October 3, 2018 1:19 pm
Updated: October 4, 2018 7:45 am

Yellowstone geyser erupts, vomiting decades worth of trash across park

WATCH: A rare eruption occurred on Sept.15 of the Ear Spring geyser in Yellowstone National Park, spewing up decades' worth of trash that visitors had thrown into it.

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A rare eruption of a thermal spring in Yellowstone National Park last month spewed more than just steam and water. It also coughed up decades’ worth of trash visitors have tossed down it over the years.

Ear Spring, a geyser located near Yellowstone’s famed Old Faithful, erupted on Sept. 15, sending water six to nine metres high, a height not seen since 1957.

The spring, named for its resemblance to the shape of a human ear, is one of dozens of geysers, pools and hot springs in Yellowstone’s Upper Geyser Basin.

READ MORE: Yellowstone supervolcano may erupt sooner than thought, potentially wiping out life

According to the national park, following the eruption, staff “found a strange assortment of items strewn across the landscape around its vent.”

An assortment of items spewed from Ear Springs in Yellowstone National Park

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“Some are clearly historic: they’ll be inventoried by curators and may end up in Yellowstone’s archives,” the park noted on social media.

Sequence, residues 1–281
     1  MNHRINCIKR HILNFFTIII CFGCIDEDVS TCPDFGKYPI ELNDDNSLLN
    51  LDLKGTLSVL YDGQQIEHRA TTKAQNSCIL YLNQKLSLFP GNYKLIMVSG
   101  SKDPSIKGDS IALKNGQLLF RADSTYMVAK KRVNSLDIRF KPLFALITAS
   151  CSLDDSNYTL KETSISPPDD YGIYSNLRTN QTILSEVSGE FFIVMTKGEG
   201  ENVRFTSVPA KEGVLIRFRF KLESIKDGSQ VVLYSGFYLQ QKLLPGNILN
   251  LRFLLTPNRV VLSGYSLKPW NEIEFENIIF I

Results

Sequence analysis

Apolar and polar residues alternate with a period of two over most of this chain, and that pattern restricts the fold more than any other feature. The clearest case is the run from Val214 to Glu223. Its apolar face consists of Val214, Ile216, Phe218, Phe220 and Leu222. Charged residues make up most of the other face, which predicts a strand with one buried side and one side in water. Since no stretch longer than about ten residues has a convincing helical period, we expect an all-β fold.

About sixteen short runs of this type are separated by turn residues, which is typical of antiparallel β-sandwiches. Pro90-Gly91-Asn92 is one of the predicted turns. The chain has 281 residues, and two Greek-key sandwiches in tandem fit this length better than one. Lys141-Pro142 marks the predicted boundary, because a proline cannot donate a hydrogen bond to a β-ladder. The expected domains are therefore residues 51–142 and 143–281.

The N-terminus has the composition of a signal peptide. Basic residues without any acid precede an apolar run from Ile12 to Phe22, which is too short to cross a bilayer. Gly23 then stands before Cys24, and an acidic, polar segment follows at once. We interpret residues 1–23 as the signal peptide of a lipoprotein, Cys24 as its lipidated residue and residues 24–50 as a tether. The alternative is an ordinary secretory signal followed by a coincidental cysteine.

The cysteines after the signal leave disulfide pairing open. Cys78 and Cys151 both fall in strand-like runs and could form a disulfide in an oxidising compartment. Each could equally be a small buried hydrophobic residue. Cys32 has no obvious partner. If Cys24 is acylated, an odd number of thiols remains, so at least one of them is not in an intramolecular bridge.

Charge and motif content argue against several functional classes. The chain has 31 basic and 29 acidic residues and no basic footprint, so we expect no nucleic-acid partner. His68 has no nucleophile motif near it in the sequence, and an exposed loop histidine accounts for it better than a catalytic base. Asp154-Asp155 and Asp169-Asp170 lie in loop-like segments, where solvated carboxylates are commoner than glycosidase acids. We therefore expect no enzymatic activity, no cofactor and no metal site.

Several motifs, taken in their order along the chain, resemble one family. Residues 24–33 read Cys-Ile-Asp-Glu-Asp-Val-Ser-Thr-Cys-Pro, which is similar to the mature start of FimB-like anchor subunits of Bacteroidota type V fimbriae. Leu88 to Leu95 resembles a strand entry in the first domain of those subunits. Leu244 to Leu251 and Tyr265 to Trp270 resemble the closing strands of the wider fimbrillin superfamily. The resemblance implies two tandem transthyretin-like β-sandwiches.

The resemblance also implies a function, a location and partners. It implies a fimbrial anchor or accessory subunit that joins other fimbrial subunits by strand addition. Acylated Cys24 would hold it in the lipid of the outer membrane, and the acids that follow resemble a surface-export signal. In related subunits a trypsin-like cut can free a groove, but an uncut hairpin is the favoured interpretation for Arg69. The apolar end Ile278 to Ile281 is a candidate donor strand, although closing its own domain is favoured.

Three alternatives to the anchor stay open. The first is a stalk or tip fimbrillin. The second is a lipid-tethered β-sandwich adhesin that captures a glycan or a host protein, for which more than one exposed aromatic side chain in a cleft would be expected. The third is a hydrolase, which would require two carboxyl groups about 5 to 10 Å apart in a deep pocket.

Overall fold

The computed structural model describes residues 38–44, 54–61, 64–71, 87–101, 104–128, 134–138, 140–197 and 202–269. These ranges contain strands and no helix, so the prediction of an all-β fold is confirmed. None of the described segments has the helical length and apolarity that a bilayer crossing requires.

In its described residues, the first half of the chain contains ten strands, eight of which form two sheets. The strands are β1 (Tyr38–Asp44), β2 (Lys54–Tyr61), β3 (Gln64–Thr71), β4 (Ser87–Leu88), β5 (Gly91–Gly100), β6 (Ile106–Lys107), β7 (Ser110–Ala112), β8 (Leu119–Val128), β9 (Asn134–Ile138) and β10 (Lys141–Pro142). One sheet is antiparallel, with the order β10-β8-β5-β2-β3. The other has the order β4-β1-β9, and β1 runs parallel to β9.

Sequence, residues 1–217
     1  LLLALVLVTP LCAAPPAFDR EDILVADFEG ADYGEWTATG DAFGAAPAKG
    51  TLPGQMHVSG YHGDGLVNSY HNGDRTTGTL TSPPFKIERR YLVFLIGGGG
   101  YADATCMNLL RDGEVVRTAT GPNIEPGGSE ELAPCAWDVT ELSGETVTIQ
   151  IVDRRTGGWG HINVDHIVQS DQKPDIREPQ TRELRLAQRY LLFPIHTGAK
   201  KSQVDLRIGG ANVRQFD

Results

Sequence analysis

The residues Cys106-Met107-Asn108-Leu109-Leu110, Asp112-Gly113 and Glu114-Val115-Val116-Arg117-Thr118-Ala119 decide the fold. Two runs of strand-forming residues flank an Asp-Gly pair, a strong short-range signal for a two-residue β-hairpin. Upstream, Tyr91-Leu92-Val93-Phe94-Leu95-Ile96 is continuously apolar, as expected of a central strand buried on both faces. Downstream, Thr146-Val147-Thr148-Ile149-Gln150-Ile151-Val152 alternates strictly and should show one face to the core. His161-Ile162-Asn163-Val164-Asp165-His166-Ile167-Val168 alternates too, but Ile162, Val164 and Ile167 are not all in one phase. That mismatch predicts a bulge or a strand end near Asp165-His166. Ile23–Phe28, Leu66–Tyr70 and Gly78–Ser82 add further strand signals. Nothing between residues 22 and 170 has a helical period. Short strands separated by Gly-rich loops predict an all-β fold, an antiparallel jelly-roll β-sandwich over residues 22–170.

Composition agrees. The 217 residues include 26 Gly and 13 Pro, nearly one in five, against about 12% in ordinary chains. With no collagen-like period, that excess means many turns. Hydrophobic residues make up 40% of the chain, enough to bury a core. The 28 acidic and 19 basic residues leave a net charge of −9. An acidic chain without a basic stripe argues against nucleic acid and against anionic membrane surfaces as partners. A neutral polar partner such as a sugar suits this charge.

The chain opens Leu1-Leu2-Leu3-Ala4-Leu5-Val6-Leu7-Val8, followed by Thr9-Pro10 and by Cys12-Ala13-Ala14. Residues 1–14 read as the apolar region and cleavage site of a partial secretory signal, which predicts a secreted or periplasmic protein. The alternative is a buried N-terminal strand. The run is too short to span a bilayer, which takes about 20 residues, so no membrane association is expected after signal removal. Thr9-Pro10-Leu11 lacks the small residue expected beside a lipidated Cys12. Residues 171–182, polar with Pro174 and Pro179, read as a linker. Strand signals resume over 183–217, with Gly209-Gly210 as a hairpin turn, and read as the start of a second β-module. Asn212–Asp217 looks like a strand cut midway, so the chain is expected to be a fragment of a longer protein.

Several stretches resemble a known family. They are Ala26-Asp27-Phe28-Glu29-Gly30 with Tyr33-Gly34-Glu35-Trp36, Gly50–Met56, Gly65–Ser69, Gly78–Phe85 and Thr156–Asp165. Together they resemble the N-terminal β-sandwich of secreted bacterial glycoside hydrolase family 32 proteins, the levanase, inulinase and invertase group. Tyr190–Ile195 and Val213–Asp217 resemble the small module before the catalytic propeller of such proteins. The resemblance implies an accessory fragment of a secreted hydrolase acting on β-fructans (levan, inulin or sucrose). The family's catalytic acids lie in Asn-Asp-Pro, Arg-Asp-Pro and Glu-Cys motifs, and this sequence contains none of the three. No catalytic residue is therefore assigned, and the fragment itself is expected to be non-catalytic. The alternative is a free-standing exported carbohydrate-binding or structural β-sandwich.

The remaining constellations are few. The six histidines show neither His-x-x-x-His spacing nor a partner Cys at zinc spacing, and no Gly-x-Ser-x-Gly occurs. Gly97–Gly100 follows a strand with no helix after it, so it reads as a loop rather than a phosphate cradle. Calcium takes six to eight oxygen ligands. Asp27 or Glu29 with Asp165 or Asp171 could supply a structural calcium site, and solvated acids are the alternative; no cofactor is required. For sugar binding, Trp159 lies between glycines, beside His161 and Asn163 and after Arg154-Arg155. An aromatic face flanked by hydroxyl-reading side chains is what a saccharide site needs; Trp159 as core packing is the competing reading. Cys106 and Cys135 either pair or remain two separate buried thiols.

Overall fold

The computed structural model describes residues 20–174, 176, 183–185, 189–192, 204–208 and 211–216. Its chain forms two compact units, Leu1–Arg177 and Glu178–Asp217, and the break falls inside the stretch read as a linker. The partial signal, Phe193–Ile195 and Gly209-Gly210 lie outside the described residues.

The United States Geological Survey Yellowstone Observatory said the eruption ejected “material that had fallen or been thrown into the geyser in years past, like coins, old cans, and other human debris,” including a pacifier, believed to be from the 1930s.

An assortment of items spewed from Ear Springs in Yellowstone National Park

Handout

Other items include a cement block, pop cans, pull tops, cigarette butts, a Pyrex funnel with tubing, plastic cups, Kodak yellow foil packaging, several pieces of glass, a pen, a plastic spoon, and a lot of coins, the USGS said.

“And some other stuff!” the USGS teased.

READ MORE: Yellowstone eruption could be 2,000 times larger than St. Helens, study

The agency said since the eruption of Ear Spring, thermal activity at surrounding geysers has increased and a new feature was formed, erupting on Sept. 18.

An assortment of items spewed from Ear Springs in Yellowstone National Park

Handout

“Several other thermal features are more active than usual, including geysering and boiling of Doublet Pool and North Goggles Geyser,” the USGS said.

However, officials noted that changes in Yellowstone’s springs are common “and do not reflect changes in activity of the Yellowstone volcano.”

The national park did warn, however, that trash can be very impactful to the park.

“Foreign objects can damage hot springs and geysers. The next time Ear Spring erupts we hope it’s nothing but natural rocks and water,” the park said. “You can help by never throwing anything into Yellowstone’s thermal features!”

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